Class that implements formatting and parsing of numbers and Dates.
By default, Globalize uses the American English culture. To switch cultures, include the appropriate wijmo.culture.*.js file after the wijmo files.
The example below shows how you can use the Globalize class to format dates, times, and numbers in different cultures:
Formats a number or a date.
The format strings used with the format function are similar to the ones used by Globalize.js and by the .NET Globalization library. The tables below contains links that describe the formats available:
Number or Date to format (all other types are converted to strings).
Format string to use when formatting numbers or dates.
Whether to remove trailing zeros from numeric results.
Whether to truncate the numeric values rather than round them.
A string representation of the given value.
Formats a date using the current culture.
var d = new Date(2015, 9, 1); // Oct 1, 2015 console.log(wijmo.Globalize.format(d, '"FY"EEEE"Q"U') + ' (US culture)'); > FY2016Q1 (US culture)
Another addition is available for dealing with complex eras such as those defined in the Japanese culture:
Number or Date to format.
.NET-style Date format string.
A string representation of the given date.
Formats a number using the current culture.
Numeric format strings take the form Axxsscc, where:
The following table describes the standard numeric format specifiers and displays sample output produced by each format specifier for the default culture.
formatNumber(1234.5, 'n2') => '1,234.50'
formatNumber(1234.5, 'f2') => '1234.50'
g General (no trailing zeros):
formatNumber(1234.5, 'g2') => '1234.5'
d Decimal (integers):
formatNumber(-1234, 'd6') => '-001234'
x Hexadecimal (integers):
formatNumber(1234, 'x6') => '0004d2'
formatNumber(1234, 'c') => '$ 1,234.00'
formatNumber(0.1234, 'p2') => '12.34 %'
The scaling specifier is especially useful when charting large values. For example, the markup below creates a chart that plots population versus GDP. The raw data expresses the population is units and the GDP in millions. The scaling specified in the axes formats causes the chart to show population in millions and GDP in trillions:
<wj-flex-chart items-source="countriesGDP" binding-x="pop" chart-type="Scatter"> <wj-flex-chart-series name="GDP" binding="gdp"></wj-flex-chart-series> <wj-flex-chart-axis wj-property="axisX" title="Population (millions)" format="n0,,"> </wj-flex-chart-axis> <wj-flex-chart-axis wj-property="axisY" title="GDP (US$ trillions)" format="c0,,"> </wj-flex-chart-axis> </wj-flex-chart>
Number to format.
.NET-style standard numeric format string (e.g. 'n2', 'c4', 'p0', 'g2', 'd2').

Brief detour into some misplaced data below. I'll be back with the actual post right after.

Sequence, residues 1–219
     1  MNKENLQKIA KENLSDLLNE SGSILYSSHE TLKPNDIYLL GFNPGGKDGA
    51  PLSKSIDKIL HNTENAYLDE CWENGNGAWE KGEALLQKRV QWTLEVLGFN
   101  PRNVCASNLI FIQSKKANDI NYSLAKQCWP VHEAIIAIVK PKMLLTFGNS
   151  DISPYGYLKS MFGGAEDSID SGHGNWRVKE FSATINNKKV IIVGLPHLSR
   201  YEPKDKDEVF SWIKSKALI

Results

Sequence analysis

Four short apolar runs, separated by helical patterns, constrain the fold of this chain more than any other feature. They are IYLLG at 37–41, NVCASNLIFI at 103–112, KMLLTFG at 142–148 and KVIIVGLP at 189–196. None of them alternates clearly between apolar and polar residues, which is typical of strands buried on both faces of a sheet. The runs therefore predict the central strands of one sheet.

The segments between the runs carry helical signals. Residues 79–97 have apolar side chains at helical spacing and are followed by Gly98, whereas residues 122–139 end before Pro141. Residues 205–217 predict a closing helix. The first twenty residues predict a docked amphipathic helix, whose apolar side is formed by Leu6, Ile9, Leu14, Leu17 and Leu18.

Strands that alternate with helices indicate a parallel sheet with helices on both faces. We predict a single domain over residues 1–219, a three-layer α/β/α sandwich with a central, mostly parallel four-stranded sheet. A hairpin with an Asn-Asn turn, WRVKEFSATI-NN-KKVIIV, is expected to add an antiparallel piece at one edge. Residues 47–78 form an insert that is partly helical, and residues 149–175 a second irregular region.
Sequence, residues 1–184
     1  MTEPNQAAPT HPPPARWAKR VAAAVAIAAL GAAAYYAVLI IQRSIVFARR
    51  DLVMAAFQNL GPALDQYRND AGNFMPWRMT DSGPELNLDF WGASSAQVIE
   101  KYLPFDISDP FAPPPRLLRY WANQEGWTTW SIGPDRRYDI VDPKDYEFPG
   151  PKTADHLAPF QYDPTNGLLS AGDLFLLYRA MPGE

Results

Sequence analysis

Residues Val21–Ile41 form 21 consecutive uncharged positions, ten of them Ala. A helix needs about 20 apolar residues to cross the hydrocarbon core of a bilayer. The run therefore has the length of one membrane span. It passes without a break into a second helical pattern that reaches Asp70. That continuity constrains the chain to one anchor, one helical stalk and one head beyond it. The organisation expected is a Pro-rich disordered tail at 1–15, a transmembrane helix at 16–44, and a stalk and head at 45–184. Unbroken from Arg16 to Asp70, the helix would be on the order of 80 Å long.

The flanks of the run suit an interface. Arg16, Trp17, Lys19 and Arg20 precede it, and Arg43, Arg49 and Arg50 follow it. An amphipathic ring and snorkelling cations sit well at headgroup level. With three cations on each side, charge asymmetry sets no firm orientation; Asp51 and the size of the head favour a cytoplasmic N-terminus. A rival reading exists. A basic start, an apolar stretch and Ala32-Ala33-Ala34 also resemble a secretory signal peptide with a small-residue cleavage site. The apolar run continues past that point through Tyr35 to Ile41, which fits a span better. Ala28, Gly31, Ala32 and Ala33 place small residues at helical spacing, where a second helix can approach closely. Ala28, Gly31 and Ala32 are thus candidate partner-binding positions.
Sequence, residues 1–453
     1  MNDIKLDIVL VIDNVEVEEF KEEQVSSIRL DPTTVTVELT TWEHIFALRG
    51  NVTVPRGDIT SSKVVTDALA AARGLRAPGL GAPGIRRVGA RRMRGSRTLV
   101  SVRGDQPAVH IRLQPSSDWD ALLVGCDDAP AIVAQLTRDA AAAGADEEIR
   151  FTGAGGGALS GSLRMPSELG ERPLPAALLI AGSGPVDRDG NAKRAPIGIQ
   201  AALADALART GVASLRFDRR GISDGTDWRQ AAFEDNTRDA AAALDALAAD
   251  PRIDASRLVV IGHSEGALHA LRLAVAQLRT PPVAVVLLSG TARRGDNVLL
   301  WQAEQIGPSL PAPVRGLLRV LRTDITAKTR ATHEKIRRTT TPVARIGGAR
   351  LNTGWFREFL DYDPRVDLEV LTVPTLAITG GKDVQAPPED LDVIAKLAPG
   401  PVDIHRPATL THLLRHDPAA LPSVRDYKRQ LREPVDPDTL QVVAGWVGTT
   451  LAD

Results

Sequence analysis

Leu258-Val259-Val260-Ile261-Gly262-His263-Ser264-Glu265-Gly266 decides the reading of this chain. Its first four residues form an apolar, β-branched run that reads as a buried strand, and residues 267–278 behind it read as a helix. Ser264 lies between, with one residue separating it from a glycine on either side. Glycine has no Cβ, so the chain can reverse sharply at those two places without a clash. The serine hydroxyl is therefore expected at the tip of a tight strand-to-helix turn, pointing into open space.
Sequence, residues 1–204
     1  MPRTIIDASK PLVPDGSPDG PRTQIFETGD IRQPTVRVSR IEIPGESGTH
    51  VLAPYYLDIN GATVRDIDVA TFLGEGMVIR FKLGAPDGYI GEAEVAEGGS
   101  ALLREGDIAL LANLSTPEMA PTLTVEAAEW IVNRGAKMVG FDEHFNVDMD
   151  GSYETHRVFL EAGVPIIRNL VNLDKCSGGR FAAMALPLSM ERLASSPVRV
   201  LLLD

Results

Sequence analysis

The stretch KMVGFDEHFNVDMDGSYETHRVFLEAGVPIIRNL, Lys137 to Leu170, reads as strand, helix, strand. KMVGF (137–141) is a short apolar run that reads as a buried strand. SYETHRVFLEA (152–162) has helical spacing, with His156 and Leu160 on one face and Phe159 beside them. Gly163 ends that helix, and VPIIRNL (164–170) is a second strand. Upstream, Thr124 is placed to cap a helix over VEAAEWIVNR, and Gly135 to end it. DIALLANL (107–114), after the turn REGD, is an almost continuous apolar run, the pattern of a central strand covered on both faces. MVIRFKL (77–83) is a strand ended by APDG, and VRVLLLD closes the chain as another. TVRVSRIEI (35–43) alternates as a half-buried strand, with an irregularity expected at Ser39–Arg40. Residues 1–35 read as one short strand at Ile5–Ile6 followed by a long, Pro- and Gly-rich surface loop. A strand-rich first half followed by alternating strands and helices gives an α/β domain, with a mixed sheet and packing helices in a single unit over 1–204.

Whether to remove trailing zeros from the result.
Whether to truncate the value rather than round it.
A string representation of the given number.
Gets the first day of the week according to the current culture.
The value returned is between zero (Sunday) and six (Saturday).
Gets the symbol used as a decimal separator in numbers.
Parses a string into a Date.
Two-digit years are converted to full years based on the value of the calendar's twoDigitYearMax property. By default, this is set to 2029, meaning two-digit values of 30 to 99 are parsed as 19, and values from zero to 29 are parsed as 20.
You can change this threshold by assigning a new value to the calendar. For example:
// get calendar var cal = wijmo.culture.Globalize.calendar; // default threshold is 2029, so "30" is parsed as 1930 cal.twoDigitYearMax = 2029; var d1 = wijmo.Globalize.parseDate('30/12', 'yy/MM'); // dec 1930 // changing threshold to 2100, so all values are parsed as 20** cal.twoDigitYearMax = 2100; var d2 = wijmo.Globalize.parseDate('30/12', 'yy/MM'); // dec 2030
String to convert to a Date.
Format string used to parse the date.
Date to use as a reference in case date parts are missing form the input (e.g. when format = 'MM/dd').
The date represented by the given string, or null if the string cannot be parsed into a Date.
Parses a string into a floating point number.
String to convert to a number.
Format to use when parsing the number.
The floating point number represented by the given string, or NaN if the string cannot be parsed into a floating point number.
Parses a string into an integer.
String to convert to an integer.
Format to use when parsing the number.
The integer represented by the given string, or NaN if the string cannot be parsed into an integer.